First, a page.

Woodruff School of Mechanical Engineering

NRE 8011/8012 and MP 6011/6012 Seminar

Nuclear & Radiological Engineering and Medical Physics Programs

Title:

Fusion Technology in ITER

Speaker:

Dr. Ned Sauthoff

Affiliation:

Oak Ridge National Laboratory

When:

Thursday, December 4, 2014 at 11:00:00 AM

Where:

Boggs Building, Room 3-47

Host:

Dr. Weston Stacey
weston.stacey@nre.gatech.edu
404-894-3714

Abstract

The ITER project is among the largest international cooperative endeavors in the history of science & technology. Its mission is to demonstrate the scientific and technological feasibility of fusion by magnetic confinement of a burning plasma of hydrogen isotopes. US objectives include the study of self-heating in burning plasmas, energetic particle dynamics and control strategies, and scaling to industrial reactor size. The project is now well underway in research laboratories and fabrication facilities around the world, and construction at the ITER site in Saint-Paul-lez-Durance, France is progressing. The discussion will review recent achievements at the construction site, as well as in the US other Domestic Agencies. Resolved and current technical challenges will be reported with an emphasis on future research plans and needs for critical technologies.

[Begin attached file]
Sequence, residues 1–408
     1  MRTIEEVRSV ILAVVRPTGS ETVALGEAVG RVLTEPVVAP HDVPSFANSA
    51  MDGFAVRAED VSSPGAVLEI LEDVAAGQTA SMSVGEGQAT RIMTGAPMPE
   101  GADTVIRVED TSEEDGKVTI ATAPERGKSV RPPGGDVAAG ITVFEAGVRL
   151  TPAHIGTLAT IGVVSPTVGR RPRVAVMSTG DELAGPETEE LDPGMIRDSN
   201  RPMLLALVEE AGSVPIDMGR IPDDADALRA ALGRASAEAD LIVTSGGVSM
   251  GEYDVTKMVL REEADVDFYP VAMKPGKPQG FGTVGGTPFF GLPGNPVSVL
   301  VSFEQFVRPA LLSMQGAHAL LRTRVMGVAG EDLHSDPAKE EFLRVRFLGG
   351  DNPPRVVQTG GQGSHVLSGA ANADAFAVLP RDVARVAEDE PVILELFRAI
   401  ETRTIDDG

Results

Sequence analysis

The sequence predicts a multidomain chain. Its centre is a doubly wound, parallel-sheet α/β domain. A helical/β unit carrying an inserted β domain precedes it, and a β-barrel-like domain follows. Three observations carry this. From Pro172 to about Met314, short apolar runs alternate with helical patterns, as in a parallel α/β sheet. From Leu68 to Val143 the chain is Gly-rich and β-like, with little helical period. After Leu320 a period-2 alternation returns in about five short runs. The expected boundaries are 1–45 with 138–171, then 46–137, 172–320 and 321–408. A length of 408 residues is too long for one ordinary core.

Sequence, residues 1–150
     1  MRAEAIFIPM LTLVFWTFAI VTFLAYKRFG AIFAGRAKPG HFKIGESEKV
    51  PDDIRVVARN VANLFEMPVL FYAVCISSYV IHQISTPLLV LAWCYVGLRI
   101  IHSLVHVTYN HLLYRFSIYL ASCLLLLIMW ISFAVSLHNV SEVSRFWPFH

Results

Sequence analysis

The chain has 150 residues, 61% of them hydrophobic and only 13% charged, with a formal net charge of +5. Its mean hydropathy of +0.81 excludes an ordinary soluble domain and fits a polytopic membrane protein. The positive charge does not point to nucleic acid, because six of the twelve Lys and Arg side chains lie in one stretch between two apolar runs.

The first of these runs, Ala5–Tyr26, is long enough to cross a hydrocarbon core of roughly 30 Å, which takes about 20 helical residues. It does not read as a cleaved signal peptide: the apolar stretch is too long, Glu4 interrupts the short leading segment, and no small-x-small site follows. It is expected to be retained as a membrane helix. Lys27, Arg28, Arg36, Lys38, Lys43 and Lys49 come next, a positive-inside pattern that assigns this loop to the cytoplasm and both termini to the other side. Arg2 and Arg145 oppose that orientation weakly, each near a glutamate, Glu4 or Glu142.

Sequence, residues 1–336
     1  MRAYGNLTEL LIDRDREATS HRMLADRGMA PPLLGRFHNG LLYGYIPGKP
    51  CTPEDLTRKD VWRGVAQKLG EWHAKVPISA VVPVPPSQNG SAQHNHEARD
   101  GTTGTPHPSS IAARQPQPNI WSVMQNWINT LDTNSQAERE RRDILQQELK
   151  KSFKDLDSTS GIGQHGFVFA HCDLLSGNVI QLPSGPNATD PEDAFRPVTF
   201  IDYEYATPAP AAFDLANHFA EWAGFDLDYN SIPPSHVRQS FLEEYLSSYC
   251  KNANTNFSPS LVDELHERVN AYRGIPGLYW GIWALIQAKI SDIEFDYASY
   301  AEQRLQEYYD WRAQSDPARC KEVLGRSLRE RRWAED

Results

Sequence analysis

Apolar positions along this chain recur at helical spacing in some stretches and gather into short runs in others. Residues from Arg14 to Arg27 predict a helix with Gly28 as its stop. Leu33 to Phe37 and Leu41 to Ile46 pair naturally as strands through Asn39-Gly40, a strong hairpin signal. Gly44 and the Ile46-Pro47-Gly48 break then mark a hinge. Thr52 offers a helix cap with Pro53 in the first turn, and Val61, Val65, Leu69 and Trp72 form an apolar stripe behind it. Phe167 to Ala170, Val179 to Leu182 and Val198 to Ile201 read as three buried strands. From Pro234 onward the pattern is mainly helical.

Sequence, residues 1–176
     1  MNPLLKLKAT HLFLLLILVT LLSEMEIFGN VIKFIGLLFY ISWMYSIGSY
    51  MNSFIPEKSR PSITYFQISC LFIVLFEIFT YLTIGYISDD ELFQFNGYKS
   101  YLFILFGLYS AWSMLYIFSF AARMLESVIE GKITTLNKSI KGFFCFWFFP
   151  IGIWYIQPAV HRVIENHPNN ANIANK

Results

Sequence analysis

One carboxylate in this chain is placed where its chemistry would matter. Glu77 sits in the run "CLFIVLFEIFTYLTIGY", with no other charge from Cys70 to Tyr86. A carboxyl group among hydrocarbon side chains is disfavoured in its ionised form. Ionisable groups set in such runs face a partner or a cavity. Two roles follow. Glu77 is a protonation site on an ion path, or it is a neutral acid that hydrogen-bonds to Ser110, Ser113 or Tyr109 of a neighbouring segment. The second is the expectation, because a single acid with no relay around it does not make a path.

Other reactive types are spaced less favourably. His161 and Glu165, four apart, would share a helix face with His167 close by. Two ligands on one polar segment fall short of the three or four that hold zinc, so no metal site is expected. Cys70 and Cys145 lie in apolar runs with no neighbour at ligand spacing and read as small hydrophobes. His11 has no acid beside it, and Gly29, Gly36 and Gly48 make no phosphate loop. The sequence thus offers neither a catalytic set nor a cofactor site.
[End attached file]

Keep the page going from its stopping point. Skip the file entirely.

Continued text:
Biography

Dr. Ned Sauthoff is a plasma physicist and project manager of the U.S. Contributions to ITER Project, the U.S. portion of the international partnership aimed at demonstrating the scientific and technological feasibility of fusion energy using magnetic confinement of plasmas. ITER is a large toroidal magnetic confinement device of the tokamak configuration that is being built by China, the European Union, India, Japan, South Korea, the Russian Federation, and the United States to enable study of a self-heated “burning” plasma, the core of a fusion reactor. It is being sited in Cadarache, France.

Prior to the establishment of the U.S. ITER Project Office, Ned was a physics researcher and manager at the Princeton Plasma Physics Laboratory (PPPL). Early in his PPPL career, Ned developed x-ray instrumentation and performed research on tokamak plasmas. He managed the control and data system for the Tokamak Fusion Test Reactor until 1985, and headed the PPPL Computer Division until 1988, the Princeton Beta Experiment until 1990, the Experimental Projects Department until 1992, the Physics Department until 1994, and the Plasma Science and Technology Department until 1997.